Asian stocks were little changed this week, with a regional benchmark index easing off a three-week high after gauges showed growth slowing in Chinese manufacturing and as Thai shares dropped amid prolonged political unrest.
China Coal Energy Co. (1898), the nation’s No. 2 producer of the fuel, fell 7.4 percent in Hong Kong. Siam Commercial Bank PCL tumbled 7.7 percent, dragging Thailand’s SET Index (SET) 5.7 percent lower amid concern prolonged unrest will spur capital outflows from Southeast Asia’s second-largest economy. Newcrest Mining Ltd. (NCM) rose 11 percent in Sydney, leading gold producers higher, as the precious metal rebounded from its worst year since 1981.
The MSCI Asia Pacific excluding Japan Index slipped to 140.31 from 140.33 a week earlier. Japanese markets were closed for four days this week and most markets were shut Jan. 1 for the New Year holiday.
“The balance of risks to growth in China is something investors need to be aware of this year,” Ric Spooner, chief market analyst at CMC Markets in Sydney, said in a telephone interview. “We are now in a world where there is a lot more political risk.”
Global equities added about $9.6 trillion in 2013 as central bank-stimulus helped the U.S. economy gain momentum and Europe recover from its longest recession. The MSCI Asia Pacific excluding Japan Index ended last year at a three-week high and traded at 11.8 times forward earnings, according to data compiled by Bloomberg. That compares with a multiple of 15.3 on the Standard & Poor’s 500 Index.
China’s manufacturing purchasing managers’ index fell to 51 for December 51.4 in November, according to the National Bureau of Statistics and the nation’s logistics federation. That trailed the median economist forecast of 51.2. A reading above 50 indicates expansion.
A separate manufacturing PMI gauge from HSBC Holdings Plc and Markit Economics slipped to 50.5 from 50.8 in November, in line with the median of 17 estimates compiled by Bloomberg. A separate gauge of China’s non-manufacturing fell to a four-month low.
China Coal dropped 7.4 percent this week to HK$4.12 in Hong Kong. Yanzhou Coal Mining Co Ltd. declined 11.5 percent to HK$6.36. China Shenhua Energy Co Ltd. fell 6.5 percent to HK$22.85.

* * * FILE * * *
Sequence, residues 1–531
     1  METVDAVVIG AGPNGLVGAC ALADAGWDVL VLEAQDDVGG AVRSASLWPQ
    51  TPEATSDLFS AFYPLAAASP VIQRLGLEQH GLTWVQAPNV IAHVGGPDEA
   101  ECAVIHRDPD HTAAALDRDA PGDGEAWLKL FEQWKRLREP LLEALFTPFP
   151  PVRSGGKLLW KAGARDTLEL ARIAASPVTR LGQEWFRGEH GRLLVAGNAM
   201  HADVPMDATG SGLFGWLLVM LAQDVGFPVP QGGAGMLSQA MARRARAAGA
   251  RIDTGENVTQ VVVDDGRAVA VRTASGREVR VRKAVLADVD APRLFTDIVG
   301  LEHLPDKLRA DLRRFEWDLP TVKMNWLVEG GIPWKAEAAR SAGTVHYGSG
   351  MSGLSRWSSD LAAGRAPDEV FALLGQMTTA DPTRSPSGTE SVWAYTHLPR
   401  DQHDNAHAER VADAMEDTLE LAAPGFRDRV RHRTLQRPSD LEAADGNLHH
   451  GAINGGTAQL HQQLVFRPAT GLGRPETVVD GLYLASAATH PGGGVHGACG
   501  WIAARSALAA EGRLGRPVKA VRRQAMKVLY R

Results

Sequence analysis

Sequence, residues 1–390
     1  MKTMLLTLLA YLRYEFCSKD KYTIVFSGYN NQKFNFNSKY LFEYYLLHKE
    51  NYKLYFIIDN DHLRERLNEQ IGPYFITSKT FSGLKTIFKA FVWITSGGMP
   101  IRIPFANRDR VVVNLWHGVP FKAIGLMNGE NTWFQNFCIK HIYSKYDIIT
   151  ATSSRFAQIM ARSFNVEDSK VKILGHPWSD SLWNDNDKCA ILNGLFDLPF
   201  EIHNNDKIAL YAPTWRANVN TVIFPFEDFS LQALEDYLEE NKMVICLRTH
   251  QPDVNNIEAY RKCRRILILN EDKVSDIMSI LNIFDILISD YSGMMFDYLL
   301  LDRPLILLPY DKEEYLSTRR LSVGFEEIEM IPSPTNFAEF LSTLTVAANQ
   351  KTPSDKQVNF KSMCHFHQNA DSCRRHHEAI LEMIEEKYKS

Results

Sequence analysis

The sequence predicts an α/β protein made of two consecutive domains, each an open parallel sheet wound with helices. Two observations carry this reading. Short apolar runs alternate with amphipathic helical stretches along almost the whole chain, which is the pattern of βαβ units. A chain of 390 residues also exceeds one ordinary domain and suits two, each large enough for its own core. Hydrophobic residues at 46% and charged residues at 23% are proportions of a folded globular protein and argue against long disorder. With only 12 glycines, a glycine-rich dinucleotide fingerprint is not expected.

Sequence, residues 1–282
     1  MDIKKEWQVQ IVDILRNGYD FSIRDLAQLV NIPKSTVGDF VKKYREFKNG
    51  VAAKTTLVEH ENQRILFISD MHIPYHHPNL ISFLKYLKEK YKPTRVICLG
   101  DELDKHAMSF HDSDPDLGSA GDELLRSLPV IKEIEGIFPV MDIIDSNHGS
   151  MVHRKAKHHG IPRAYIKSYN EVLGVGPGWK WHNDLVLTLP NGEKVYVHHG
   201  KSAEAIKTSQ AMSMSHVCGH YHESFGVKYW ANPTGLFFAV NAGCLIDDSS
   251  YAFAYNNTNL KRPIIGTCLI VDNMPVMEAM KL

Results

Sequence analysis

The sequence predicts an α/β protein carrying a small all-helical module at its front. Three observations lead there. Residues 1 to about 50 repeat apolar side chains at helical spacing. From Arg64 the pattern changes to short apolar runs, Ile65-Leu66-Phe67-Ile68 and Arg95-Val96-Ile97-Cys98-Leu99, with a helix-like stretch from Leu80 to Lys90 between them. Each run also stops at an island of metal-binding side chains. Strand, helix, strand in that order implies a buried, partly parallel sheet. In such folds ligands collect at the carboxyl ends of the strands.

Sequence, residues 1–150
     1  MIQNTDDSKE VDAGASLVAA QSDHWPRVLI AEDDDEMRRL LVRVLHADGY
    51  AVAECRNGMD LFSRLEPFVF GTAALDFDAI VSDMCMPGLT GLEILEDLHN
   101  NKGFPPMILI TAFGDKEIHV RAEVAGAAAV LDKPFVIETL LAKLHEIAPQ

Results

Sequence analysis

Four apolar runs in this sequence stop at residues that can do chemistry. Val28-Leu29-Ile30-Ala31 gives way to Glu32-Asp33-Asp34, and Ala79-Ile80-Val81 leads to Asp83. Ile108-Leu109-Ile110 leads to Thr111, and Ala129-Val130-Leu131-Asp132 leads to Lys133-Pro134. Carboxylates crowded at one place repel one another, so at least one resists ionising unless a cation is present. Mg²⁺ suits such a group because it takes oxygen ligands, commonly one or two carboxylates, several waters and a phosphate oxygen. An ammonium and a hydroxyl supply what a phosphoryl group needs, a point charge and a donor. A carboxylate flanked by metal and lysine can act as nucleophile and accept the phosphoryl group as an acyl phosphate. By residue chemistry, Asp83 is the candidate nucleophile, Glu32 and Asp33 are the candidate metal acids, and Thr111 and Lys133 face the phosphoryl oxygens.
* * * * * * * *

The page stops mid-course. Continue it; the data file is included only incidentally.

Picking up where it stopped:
Banks and tourism-related companies led losses in Thailand. Siam Commercial Bank lost 7.7 percent to 132.50 baht. Bangkok Bank PCL, the nation’s largest commercial lender, fell 5.3 percent to 168.50 baht and Kasikornbank PCL slid 3.2 percent to 151.00 baht. Airports of Thailand PCL slipped 8.5 percent to 145.00 baht.
Thailand’s Election Commission is meeting members of the biggest political parties to discuss ways to ease tension before a Feb. 2 vote that’s being threatened by growing anti-government protests.
Groups opposed to caretaker Prime Minister Yingluck Shinawatra plan to surround government ministries and occupy 20 major intersections in Bangkok on Jan. 13 until she agrees to step down and allow an unelected council to reform the country’s electoral system, said Suthep Thaugsuban, a former opposition lawmaker who is leading the movement.
The nation’s Election Commission last night proposed delaying polls to around April or May, while reforms are carried out concurrently to ease political tensions, Commissioner Somchai Srisuthiyakorn told reporters. Global investors pulled $1.3 billion from Thai stocks last month, exchange data show.
China’s Shanghai Composite Index slipped 0.9 percent. South Korea’s Kospi Index dropped 2.8 percent, while Taiwan’s Taiex Index rose 0.1 percent. Australia’s S&P/ASX 200 Index (AS51) added 0.5 percent and Hong Kong’s Hang Seng Index declined 1.8 percent. New Zealand’s NZX 50 Index was little changed.
Singapore’s Straits Times Index lost 0.6 percent as the country’s economy shrank for the first time in five quarters after its manufacturing and services industries weakened.
India’s S&P BSE Sensex Index (SENSEX) dropped 1.6 percent as a decline in a manufacturing gauge sparked concerns about growth in Asia’s third-largest economy. A purchasing managers’ index released by HSBC Holdings Plc and Markit Economics fell to 50.7 in December from November’s 51.3. The Reserve Bank of India raised its key interest rate twice last year to rein in the region’s fastest consumer-price gains.
Japan’s Nikkei 225 Stock Average rose 0.7 percent on Dec. 30 to cap a 57 percent advance for 2013, its best year since 1972. That was the biggest gain among 24 developed markets tracked by Bloomberg last year. The yen posted its steepest annual drop since 1979. Stocks surged and the currency weakened as Prime Minister Shinzo Abe and Bank of Japan Governor Haruhiko Kuroda took steps to end 15 years of deflation. Japanese equity markets reopen Jan. 6.
Gold producers advanced as bullion prices rebounded from last year’s slide. Newcrest Mining advanced 11 percent to A$8.67. Beadell Resources Ltd. gained 11 percent to 82.5 Australian cents.
Forge Group Ltd. surged 39 percent to A$1.42 after the engineering services firm said its contract in the Roy Hill mine project in Western Australia is worth about A$830 million ($745 million).
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